In-store pickup is a possibility if you have a website, and a store. Amazon, the e-retail king, lacks one of these two very necessary ingredients – stores. Store-based retailers are able to bypass shipping costs by offering the in-store pickup programs described in my previous post. A large percentage of the price paid on items purchased from Amazon comes from the cost of shipping. In-store pickup provides shoppers with more product options, while also allowing retailers to sell items cheaper due to the cost saved in bulk shipping. Today, with retailers rolling out in-store pickup services very rapidly, Amazon needs to find a way to keep a hold on to its niche. To keep its prices competitive, the online retailer needs to find a way to reduce shipping costs much like Walmart and Best Buy.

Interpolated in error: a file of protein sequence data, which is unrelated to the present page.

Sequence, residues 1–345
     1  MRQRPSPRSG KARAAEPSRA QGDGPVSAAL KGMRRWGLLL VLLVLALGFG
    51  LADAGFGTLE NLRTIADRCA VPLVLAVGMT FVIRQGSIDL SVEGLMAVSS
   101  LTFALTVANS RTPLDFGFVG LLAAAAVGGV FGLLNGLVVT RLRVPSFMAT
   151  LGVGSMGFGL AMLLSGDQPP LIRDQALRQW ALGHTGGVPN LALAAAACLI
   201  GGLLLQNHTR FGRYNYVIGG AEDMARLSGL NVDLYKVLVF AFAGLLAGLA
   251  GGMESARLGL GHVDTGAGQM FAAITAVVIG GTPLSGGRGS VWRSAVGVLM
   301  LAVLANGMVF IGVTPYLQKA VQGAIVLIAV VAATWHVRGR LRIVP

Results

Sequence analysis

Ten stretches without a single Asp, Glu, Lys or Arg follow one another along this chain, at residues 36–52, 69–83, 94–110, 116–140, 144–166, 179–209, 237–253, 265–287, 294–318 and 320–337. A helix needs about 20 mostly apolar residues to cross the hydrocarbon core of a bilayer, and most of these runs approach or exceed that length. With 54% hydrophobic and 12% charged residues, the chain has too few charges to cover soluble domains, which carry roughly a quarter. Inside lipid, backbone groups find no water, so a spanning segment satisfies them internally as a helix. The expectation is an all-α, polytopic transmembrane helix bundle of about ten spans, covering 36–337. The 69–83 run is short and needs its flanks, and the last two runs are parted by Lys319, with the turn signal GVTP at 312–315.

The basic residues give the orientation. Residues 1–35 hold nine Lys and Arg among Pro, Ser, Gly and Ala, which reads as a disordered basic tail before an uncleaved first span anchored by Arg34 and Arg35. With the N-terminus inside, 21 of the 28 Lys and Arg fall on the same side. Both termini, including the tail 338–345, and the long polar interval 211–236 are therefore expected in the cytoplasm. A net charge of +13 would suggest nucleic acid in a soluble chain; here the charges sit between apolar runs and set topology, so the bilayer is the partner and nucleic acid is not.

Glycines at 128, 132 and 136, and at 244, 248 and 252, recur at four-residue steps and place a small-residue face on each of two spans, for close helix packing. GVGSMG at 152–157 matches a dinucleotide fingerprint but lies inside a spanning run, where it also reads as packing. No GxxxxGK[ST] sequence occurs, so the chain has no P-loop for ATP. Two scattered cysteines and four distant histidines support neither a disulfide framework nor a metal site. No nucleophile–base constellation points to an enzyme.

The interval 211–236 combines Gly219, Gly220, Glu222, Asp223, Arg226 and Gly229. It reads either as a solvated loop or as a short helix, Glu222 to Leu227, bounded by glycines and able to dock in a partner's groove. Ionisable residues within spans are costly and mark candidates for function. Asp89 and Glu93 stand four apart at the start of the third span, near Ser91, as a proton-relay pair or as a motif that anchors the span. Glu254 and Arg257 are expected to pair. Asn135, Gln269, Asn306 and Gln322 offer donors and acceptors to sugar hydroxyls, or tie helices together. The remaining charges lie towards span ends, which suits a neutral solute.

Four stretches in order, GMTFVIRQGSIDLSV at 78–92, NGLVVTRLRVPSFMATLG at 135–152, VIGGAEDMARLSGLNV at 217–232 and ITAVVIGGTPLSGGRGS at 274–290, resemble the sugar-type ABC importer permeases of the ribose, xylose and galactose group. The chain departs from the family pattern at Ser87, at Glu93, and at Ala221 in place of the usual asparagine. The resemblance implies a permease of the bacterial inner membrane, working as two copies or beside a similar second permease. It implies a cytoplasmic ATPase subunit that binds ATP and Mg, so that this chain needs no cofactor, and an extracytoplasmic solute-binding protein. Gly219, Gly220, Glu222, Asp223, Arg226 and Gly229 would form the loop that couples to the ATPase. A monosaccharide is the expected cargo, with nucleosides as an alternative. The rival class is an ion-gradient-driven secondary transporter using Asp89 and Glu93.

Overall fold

Yesterday, we saw the first glimpse into the strategy that could possibly keep Amazon ahead of the game. The strategy involves a partnership with the Seven & I Holdings subsidiary, 7-11. Amazon is testing a system that will place computerized lockers in 7-11 stores. The first set of computerized lockers can be found in the 7-11 store at 1522 East Madison Street in Seattle, WA. The lockers are poised to launch in the UK in the near future too.
When Amazon customers place their order, they receive a barcode that they can print out or display on their mobile device. They can scan the barcode at their local 7-11 store to receive their PIN, use the PIN to open their temporary P.O. Box and off they go!
RetailNet Group’s forecast for 7-11 (See RNG’s Sales and Stores Forecast for 7-11) shows that the convenience store banner will have 6,878 stores in the US alone in 2015! If the trial is successful, Amazon could strategically choose 7-11 locations that would bring the highest level of convenience to its gigantic list of frequent shoppers.